Very Old Stone Building in the Garden of the Rostov Kremlin, Which According to Legend, Was Used as a Bathhouse in the Rostov Archbishop's House. In the Rostov Museum. Rostov Velikii

Description

In 1911, Russian photographer Sergei Mikhailovich Prokudin-Gorskii (1863–1944) visited the town of Rostov the Great, located some 210 kilometers northeast of Moscow. The town’s main landmark is the kremlin (citadel), more precisely known as the Court of the Metropolitan, constructed primarily in the 1670s and 1680s by the powerful prelate Metropolitan Jonah Sysoevich (circa 1607–90). With the transfer of the seat of the metropolitan from Rostov to Yaroslavl in 1787, the kremlin fell into decay, but in the late 19th century, local merchants gathered funds to maintain the ensemble. The caption places this ruined building in the garden attached to the south side of the Rostov kremlin. According to local lore the building, called the Prince’s Baths, was part of the former Monastery of Saint Gregory the Divine and served as a bathhouse for the Archbishop’s Residence. The monastery was replaced by a church of the same name that still stands as part of the kremlin. By style, the structure could date to the 16th century. At the beginning of the 20th century, Prokudin-Gorskii used a special color photography process to create a visual record of the Russian Empire on the eve of the Russian Revolution. Some of Prokudin-Gorskii’s photographs date from about 1905, but the bulk of his work is from between 1909 and 1915, when, with the support of Tsar Nicholas II and the Ministry of Transportation, he undertook extended trips through many different parts of the empire.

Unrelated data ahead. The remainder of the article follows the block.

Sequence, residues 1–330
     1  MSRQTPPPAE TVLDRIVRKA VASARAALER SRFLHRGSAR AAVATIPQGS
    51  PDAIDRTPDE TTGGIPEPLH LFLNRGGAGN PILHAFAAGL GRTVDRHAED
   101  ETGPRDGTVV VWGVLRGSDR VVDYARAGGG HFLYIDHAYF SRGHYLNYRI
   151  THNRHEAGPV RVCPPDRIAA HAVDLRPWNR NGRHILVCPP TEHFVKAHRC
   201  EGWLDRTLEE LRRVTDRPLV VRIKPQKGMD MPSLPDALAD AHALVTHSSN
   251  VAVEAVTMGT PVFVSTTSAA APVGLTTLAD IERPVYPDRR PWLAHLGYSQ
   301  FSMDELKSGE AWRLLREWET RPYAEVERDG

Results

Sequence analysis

Date Created

Subject Date

Title in Original Language

Каменное здание глубокой древности в саду Ростовскаго Кремля, которое по преданию служило баней Ростовскаго Архиерейскаго Дома. В Ростовском музее. Ростов Великий

Type of Item

Physical Description

Glass negative (presented as a digital color composite)

Notes

  • Prokudin-Gorskii’s photographic work survives primarily in two forms: 1,901 black-and-white triple-frame glass plate negatives, made with color separation filters, which Prokudin-Gorskii used to make color prints and lantern slides; and 12 albums of sepia-tone prints, made from the glass negatives, which Prokudin-Gorskii compiled as a record of his travels and studies. The Library of Congress purchased the glass plate negatives and the albums from the Prokudin-Gorskii family in 1948. In 2004, the Library of Congress had digital color composites made from all the surviving glass negatives using a software algorithm to automatically align the color components. As with most historical photographs, title and subject identifications are corrected and enhanced through new research. Current information on the collection is at http://www.loc.gov/pictures/collection/prok/.

Last updated: September 21, 2017